If everything is love, even misery and evil, why should I care what anyone experiences or does?  Why be compassionate and ethical?

There are many ways to answer, and one way is this: Because you can’t really stop yourself.  It is part of who and what you are to want these things for yourself and others, and it would only be compounding the illusions of your life for you to pretend otherwise. This desire is part of what breaks the seal of forgetting your root. It involves recognizing your deepest self in others, for I am in each of you.  It is interwoven with your desire for the truth beyond the duality of evil and good as you know good, in that state where all is known as the Love that has no opposite.

Heaven. It’s about bringing heaven and earth together as much as possible.

Yes.

I believe all of this, but it’s still hard to understand how love can create circumstances that are sure to result in suffering. That seems more like cruelty than love.

From the perspective of separation it must seem to be so, but consider three things: First, I am with you even in that suffering, suffering with you, though in me the suffering is known as love.  Second, I only reveal the truth to you in the ways you are presently able to accept it.  Third, even to one who has awakened to remember and find union with me to the fullest possible extent, the necessity of it all shall remain a mystery, for it is such even to me, who knows it is undeniably true.

Even for you?!  Aren’t you God?!

I am.  Yet “I am” is somewhat like the awakening of consciousness from deep sleep.  It takes little attention for “I am” to know there is a still and silent One that is the transcendent source and substance of all that is possible and all that is impossible.  I am the first-born of That. I am one with That, yet I am not all It was, is or can be.

Ah, in this I hear the answer to why there is something instead of nothing: All we can know of this, all we can communicate, is that it is the mysterious will of the silent One.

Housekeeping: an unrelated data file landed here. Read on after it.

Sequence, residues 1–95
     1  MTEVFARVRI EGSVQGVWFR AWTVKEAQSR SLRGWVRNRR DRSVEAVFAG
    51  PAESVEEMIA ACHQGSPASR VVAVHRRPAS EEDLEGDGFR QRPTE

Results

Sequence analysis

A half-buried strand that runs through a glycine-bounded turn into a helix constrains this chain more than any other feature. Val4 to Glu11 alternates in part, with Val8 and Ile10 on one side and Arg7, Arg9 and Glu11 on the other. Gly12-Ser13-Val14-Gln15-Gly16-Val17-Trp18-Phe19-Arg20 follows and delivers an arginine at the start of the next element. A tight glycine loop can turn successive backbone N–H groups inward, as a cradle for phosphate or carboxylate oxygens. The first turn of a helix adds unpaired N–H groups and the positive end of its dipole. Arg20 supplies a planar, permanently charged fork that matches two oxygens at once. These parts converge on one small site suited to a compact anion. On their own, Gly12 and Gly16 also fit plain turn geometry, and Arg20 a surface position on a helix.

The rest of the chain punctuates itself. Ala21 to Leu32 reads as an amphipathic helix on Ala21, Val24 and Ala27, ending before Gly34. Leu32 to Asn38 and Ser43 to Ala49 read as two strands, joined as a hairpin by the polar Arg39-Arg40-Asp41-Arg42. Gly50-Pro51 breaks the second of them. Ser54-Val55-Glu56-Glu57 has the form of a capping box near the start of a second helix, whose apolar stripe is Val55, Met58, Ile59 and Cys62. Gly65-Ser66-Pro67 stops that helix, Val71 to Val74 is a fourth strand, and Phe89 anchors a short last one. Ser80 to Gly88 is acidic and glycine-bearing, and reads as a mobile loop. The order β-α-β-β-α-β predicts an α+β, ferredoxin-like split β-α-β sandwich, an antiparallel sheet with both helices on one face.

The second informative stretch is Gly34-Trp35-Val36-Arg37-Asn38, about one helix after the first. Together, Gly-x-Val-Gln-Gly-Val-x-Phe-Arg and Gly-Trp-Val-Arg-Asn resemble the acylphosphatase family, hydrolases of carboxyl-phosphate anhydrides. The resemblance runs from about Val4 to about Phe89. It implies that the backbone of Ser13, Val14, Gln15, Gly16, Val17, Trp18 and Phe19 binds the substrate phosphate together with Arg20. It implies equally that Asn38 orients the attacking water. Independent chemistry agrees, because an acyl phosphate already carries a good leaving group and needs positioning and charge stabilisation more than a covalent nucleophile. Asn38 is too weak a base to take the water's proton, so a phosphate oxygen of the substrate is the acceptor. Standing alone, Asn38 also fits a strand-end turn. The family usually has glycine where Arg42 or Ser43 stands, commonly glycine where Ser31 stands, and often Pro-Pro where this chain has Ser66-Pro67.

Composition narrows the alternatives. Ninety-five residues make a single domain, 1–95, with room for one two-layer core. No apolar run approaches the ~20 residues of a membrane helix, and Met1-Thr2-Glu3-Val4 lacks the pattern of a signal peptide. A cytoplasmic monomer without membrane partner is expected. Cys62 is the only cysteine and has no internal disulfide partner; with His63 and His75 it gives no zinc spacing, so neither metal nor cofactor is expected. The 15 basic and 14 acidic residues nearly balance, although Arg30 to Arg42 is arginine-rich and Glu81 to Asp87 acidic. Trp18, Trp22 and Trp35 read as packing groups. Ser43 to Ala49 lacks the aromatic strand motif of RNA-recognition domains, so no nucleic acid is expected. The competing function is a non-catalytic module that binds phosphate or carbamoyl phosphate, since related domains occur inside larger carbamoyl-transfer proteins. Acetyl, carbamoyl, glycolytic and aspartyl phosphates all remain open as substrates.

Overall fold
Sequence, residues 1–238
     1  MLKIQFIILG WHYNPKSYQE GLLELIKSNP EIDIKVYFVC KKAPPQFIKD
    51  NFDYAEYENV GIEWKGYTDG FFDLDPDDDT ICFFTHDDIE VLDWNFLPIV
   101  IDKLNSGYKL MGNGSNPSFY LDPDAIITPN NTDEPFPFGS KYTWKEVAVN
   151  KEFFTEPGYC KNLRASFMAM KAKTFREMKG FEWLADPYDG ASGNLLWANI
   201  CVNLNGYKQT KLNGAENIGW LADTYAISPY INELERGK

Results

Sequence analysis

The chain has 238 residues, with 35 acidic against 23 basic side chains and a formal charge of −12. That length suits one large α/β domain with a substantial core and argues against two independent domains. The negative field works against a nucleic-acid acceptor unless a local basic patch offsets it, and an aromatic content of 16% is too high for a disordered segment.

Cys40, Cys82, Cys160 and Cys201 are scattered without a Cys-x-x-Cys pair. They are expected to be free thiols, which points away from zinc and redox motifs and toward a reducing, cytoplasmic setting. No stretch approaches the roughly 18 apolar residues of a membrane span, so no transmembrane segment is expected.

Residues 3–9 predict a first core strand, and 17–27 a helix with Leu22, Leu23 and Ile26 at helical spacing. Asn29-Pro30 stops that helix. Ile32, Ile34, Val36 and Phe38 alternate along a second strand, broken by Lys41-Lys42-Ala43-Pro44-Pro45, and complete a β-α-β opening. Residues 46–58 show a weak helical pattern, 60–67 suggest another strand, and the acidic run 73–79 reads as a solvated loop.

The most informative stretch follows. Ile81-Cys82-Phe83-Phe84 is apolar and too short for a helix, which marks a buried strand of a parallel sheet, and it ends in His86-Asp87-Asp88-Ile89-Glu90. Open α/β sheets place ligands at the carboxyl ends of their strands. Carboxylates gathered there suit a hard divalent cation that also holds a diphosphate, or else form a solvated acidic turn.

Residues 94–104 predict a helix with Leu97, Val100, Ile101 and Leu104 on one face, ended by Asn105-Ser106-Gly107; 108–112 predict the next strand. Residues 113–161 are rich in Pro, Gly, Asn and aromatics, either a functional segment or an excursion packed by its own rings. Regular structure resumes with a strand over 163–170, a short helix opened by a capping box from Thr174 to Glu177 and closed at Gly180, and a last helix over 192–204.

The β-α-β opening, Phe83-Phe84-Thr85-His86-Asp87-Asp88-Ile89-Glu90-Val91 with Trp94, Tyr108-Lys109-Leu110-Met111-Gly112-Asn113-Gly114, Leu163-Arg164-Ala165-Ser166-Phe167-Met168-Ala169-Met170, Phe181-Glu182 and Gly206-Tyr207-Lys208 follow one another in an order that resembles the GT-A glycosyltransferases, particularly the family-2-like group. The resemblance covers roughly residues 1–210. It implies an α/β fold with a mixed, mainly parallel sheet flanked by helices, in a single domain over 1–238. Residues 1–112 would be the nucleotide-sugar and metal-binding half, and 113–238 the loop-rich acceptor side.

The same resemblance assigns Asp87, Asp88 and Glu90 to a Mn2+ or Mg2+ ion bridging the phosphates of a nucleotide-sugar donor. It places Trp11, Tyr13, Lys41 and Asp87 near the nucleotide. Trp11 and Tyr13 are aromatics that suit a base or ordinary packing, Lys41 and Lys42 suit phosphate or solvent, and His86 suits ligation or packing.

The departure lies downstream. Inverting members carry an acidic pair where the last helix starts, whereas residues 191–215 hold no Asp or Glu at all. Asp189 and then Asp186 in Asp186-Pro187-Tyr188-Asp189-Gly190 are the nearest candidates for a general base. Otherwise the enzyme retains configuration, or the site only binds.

Yes.

So you do not have the power to change the essential way of things?

Yes and no.  If I were to change the essential way of things, it would be the will of the One working through me, but the will of the One is for things to be as they are.

I can sense this line of questioning isn’t going to reveal much more to me.

You are free to change the subject.

Thank you. I feel this is a good place to rest, though one more question comes to mind: What if I share this with others? I know some will welcome it, but I know others will not, and I am a little fearful of how it will affect them and how they will respond.

Let go of your fear.  Remember that what they and you really are cannot be harmed, and that my love is always with you, each and all. When you share these words, some might hear it as you do and take comfort, and others might hear it as the babbling of a child and they will smile with grace. Some might hear it as a mockingbird heralding the dawn, as the howling of a dog in the night, the squealing of a hungry pig, or the taunting of a devil.  All hear as they are best able to hear, and they respond accordingly.  Go now and do what you must with love, from love, for love, and you will know me as you have said you want so much to do.